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Trade negotiations between the U.S. and China have devolved over the past few days with both sides announcing more aggressive retaliatory tariffs, much to the dismay of global businesses, according to international trade lawyers.
“It’s really spooked clients,” said Mario Mancuso, a former official for the Committee on Foreign Investment in the United States who now leads Kirkland & Ellis’ international trade and national security practice in Washington, D.C.  “
“In the run-up to the trade negotiations last week, the market had priced in some resolution. There was a broad consensus—a soft consensus, but a consensus nonetheless—that there would be a trade deal,” he added. “Now we’re hearing a lot of concern.”
On Friday, President Donald Trump followed through with a threat he made days earlier on Twitter and increased tariffs on $200 billion of imported Chinese goods from 10% to 25%. His administration is now poised to impose a 25% tariff on another $300 billion of goods, which essentially covers all imports from China.
The Office of the U.S. Trade Representative has set a June 17 deadline for written comments on the planned tariff hike. On that same day, the USTR’s Section 301 Committee is slated to hold a public hearing on the proposed tariffs, which could be enacted as early as June 24.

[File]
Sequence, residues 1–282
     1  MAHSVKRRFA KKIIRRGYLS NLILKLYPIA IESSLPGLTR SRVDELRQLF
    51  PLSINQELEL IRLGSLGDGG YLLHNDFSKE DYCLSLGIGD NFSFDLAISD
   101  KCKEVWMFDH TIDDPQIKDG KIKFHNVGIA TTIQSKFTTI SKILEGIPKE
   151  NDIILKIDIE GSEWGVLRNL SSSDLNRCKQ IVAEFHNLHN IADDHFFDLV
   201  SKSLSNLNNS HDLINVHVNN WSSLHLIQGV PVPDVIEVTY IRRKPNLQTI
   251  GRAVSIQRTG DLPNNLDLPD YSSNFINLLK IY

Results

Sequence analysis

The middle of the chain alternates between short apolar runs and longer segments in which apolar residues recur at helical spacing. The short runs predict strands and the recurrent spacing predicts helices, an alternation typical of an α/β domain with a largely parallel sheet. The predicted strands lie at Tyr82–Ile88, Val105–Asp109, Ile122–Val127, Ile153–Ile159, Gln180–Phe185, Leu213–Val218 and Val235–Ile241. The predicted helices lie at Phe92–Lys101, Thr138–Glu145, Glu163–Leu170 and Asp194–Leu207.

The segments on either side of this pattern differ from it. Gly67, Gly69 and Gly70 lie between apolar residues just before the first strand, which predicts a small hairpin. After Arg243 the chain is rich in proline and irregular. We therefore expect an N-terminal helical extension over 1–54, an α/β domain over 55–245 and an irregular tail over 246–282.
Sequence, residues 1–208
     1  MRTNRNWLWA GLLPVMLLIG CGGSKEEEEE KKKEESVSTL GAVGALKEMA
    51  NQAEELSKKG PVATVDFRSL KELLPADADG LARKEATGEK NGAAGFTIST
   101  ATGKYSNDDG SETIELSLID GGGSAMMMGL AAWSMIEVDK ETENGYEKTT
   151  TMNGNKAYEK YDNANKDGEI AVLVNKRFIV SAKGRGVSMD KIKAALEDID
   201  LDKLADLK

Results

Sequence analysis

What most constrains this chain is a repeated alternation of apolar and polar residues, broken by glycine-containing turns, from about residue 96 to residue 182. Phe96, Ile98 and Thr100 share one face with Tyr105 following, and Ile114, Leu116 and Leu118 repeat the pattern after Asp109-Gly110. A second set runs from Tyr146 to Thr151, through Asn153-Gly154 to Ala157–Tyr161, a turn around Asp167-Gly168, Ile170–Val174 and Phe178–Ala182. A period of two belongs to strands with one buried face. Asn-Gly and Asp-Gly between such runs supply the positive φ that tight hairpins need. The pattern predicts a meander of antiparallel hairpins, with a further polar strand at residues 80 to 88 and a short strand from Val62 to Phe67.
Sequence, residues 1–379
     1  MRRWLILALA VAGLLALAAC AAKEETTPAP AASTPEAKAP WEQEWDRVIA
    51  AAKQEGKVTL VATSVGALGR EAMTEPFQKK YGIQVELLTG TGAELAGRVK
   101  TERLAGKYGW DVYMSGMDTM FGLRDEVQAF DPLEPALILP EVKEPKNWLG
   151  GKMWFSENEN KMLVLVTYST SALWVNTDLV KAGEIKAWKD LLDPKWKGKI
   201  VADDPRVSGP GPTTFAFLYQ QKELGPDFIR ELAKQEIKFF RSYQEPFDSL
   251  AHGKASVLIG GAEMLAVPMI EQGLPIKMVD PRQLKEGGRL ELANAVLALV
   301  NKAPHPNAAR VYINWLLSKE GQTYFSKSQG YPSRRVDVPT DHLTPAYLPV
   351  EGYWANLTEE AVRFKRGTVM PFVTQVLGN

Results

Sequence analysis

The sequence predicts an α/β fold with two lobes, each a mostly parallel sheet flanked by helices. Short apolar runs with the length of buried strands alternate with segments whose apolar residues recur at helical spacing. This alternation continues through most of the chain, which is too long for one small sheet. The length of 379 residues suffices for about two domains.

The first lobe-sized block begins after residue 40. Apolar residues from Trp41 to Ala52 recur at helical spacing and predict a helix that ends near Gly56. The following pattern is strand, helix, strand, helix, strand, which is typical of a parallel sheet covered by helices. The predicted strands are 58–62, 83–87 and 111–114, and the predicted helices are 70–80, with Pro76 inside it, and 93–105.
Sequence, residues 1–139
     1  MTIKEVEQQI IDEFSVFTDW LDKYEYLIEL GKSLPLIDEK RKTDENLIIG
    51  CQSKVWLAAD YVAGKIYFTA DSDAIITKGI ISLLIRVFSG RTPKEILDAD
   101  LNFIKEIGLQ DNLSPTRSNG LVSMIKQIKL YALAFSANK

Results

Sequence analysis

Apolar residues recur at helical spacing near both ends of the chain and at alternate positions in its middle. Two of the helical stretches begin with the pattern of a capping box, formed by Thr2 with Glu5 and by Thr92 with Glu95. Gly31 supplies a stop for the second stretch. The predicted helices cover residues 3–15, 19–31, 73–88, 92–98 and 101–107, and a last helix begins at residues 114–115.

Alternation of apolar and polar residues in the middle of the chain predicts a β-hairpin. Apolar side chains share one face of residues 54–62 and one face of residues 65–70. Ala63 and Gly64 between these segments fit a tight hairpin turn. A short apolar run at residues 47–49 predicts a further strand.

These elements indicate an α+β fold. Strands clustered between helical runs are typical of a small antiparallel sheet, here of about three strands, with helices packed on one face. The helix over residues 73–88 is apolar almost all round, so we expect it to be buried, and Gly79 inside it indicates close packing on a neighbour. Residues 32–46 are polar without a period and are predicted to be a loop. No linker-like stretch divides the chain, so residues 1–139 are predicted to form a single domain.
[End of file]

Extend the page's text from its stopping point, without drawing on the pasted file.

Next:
“That’s an aggressive schedule. That’s fast,” said Duane Layton, global head of Mayer Brown‘s international trade law practice in Washington, D.C. He added, “If you’re making a product in the U.S. and bringing components or raw materials or inputs in from China, are you going to continue to bring those things in from China if you now have to pay a 25% tariff?”
Adams Lee, an international trade lawyer at Harris Bricken in Seattle, said he’s been advising clients to “buckle up” for an “unpredictable, bumpy ride.” While both sides could negotiate a deal over the next few weeks, he expected that wouldn’t happen and the U.S. would instead enact the proposed 25% tariff on virtually all Chinese imports.
“Once the USTR issues that federal registration notice—all those notices have gone into effect,” he said. “There’s no reason to expect that the self-proclaimed “Tariff Man” is going to back down.”
China has denounced Trump’s hardball negotiation tactics as “jeopardizing the interests of both sides and not meeting the general expectations of the international community.” 
In response, China plans to slap new tariffs on another $60 billion of U.S exports, effective June 1. The forthcoming tariff hike covers a wide variety of U.S.-made goods, from honey and liquefied natural gas to cosmetics, vodka, toilet paper, printers and fire extinguishers.
At the same time, though, China has announced that it will, for the first time during the trade dispute, begin a tariff-exclusion process for certain U.S. imports, “according to China’s interests.”

Reprinted with permission from the May 14, 2019 edition of Corporate Counsel © 2019 ALM Properties, Inc. All rights reserved. Further duplication without permission is prohibited.